The Benefits and Challenges of Mainframe Application Modernization

Mainframe systems have been the backbone of large businesses and organizations since the advent of the IBM System 360 in 1964. That is a long time for mainframe systems to grow and increase in complexity, making them difficult to maintain over time. As a result, many companies are now considering mainframe application modernization as a means of increasing their efficiency and reducing their costs.

Mainframe application modernization refers to the process of updating and optimizing legacy mainframe systems to make them more efficient, cost-effective, and easier to maintain. The process typically involves several aspects, including re-platforming, refactoring, re-hosting, and re-architecting.

Re-platforming involves moving legacy mainframe applications to a more modern platform, such as cloud or a distributed system. Refactoring involves breaking down large, monolithic applications into smaller, more manageable components. Re-hosting involves moving applications to a new environment while maintaining their existing codebase. Finally, re-architecting involves redesigning the entire application to suit modern business needs better.

It is important to keep in mind that application modernization does not necessarily mean moving your applications to another platform. The mainframe offers many benefits and reasons not to move, such as high availability, security, scalability, and a host of existing applications and support software, not to mention a cost-effective ROI when managed effectively.

Benefits of Mainframe Application Modernization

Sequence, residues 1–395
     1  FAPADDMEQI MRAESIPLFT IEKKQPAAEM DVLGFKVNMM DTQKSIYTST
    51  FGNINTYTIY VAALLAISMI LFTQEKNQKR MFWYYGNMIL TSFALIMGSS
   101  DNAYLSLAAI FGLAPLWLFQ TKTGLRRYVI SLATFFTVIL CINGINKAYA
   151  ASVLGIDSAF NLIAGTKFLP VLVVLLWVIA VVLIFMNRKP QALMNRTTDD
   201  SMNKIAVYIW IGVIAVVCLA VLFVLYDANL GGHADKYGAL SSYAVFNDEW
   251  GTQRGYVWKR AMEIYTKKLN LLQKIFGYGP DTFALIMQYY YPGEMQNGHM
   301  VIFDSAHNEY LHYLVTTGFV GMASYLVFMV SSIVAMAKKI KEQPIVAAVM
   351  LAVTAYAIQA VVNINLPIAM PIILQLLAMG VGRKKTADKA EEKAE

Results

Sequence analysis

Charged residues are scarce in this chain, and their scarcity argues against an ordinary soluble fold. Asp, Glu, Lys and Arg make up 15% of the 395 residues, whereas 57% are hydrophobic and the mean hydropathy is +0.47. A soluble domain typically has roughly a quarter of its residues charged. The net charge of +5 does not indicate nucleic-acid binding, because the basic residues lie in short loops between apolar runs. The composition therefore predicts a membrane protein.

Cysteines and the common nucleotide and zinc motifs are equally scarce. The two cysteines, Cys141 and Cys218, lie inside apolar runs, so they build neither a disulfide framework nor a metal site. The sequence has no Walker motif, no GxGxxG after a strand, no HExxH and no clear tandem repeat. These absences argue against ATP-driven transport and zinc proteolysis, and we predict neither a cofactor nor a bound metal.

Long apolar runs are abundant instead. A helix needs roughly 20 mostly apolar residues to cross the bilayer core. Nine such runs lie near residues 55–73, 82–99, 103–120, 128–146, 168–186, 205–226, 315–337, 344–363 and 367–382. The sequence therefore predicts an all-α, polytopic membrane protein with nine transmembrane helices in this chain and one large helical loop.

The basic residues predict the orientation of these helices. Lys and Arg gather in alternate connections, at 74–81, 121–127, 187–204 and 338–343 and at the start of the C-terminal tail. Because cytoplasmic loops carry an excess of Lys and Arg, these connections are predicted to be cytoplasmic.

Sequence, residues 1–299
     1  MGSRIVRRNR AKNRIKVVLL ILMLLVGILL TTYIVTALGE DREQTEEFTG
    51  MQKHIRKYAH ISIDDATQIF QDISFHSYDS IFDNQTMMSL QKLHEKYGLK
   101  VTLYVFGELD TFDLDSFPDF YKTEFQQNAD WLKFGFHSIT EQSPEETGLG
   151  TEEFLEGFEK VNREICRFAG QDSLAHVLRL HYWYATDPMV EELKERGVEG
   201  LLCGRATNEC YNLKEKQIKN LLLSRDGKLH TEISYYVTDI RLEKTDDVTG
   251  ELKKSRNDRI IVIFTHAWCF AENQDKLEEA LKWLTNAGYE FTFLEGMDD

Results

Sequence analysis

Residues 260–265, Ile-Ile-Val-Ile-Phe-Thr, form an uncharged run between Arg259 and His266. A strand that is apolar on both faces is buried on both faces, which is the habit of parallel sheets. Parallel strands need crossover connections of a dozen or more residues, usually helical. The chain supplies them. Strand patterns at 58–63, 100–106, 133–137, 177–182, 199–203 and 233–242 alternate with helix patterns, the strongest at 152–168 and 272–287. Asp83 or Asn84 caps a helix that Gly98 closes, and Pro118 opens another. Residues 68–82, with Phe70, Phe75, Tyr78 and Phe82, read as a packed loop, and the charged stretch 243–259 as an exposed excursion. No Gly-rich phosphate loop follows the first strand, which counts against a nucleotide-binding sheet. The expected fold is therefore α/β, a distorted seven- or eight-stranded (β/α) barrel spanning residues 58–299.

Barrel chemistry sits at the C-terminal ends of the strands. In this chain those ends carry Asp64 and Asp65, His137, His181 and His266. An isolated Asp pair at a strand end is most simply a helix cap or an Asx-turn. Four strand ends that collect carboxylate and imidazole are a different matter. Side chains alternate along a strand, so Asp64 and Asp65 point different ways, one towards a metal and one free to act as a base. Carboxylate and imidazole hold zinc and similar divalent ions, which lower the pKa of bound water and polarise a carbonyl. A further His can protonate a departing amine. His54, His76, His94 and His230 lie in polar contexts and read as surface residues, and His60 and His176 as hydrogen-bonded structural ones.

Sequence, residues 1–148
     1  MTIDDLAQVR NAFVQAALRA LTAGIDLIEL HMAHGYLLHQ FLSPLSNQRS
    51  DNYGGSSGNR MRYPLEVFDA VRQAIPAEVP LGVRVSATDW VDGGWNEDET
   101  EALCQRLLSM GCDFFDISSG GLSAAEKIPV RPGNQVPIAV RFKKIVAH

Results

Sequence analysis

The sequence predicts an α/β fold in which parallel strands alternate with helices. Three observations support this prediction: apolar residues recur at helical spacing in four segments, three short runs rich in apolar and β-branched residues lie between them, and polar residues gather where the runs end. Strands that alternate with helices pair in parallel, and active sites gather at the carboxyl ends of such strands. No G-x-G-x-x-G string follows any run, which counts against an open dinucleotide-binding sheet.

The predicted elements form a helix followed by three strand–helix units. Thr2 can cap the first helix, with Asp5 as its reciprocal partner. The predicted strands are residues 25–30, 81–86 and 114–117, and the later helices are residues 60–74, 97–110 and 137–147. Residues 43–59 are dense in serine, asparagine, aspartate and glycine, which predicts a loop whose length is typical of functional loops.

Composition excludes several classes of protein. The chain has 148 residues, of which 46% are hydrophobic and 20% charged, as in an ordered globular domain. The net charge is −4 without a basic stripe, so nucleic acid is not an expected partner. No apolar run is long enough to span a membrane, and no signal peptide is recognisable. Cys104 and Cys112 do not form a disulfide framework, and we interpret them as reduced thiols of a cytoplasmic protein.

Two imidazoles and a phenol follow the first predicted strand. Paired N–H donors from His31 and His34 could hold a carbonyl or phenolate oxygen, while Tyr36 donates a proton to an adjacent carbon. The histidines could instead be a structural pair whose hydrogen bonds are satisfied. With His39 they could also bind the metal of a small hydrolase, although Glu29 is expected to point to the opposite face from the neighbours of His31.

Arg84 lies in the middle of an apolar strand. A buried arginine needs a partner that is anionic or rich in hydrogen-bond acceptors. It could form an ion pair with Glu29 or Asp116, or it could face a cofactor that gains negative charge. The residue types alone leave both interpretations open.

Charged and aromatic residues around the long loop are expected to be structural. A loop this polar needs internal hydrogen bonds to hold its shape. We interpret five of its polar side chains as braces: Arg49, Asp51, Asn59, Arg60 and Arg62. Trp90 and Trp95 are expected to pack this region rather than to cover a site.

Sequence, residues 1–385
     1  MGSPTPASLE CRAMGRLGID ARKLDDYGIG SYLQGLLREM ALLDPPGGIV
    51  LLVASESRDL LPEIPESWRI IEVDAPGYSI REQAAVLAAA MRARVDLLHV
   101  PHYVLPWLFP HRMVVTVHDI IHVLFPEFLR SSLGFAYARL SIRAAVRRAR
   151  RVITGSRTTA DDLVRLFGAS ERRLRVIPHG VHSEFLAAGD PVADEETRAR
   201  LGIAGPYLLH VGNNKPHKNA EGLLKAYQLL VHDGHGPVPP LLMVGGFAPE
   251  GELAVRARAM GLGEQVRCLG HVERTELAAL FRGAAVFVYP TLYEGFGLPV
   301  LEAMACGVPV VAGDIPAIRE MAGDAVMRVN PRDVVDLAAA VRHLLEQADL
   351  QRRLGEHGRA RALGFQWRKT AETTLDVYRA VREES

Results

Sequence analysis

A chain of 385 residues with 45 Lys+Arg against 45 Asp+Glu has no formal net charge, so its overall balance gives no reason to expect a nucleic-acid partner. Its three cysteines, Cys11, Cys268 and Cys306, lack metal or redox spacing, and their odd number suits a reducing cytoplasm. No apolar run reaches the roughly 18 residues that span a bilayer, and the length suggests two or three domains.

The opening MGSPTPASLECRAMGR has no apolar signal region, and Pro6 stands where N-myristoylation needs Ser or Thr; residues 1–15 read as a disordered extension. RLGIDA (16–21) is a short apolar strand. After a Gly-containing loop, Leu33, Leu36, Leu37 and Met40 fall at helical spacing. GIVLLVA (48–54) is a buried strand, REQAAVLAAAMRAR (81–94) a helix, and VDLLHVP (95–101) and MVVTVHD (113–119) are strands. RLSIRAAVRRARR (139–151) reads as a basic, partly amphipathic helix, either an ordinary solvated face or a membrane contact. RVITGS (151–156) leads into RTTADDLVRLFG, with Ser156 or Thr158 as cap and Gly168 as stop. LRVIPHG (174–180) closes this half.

Regardless of the specific modernization approach used, mainframe application modernization has several key benefits.

Cost Reduction

One of the most significant benefits of mainframe application modernization is cost reduction. Legacy mainframe systems can be incredibly expensive to execute, maintain and update due to the specialized hardware, software, and personnel required. By modernizing these systems, businesses can reduce overall costs by transitioning to more modern and cost-effective platforms and technologies. Furthermore, expertise in some mainframe technologies (such as ISPF and COBOL) is dwindling, even as their usage continues unabated. But the cost can be reduced by using tools like Zowe to provide a more modern interface and Cloudframe to transform COBOL to Java.

Furthermore, shifting application programs from COBOL to Java can make them eligible to run on IBM zIIP processors and potentially save on your monthly mainframe software bill.

Increased Efficiency

Another benefit of mainframe application modernization is increased efficiency. Legacy systems can be slow and difficult to navigate, making it challenging for employees to complete tasks efficiently. Modernizing these systems allows businesses to streamline their processes and make them more user-friendly, leading to increased productivity and faster turnaround times. Integrating mainframe development and operations into modern DevOps practices also can improve efficiency by automating code reviews, unit testing, continuous integration, and automated deployment.

Enhanced Scalability

Although the IBM Z itself is highly scalable, legacy mainframe applications can be difficult to scale up or down to accommodate changing business needs. By modernizing these applications, businesses can ensure that their systems can handle increased traffic and user demands without sacrificing performance or reliability.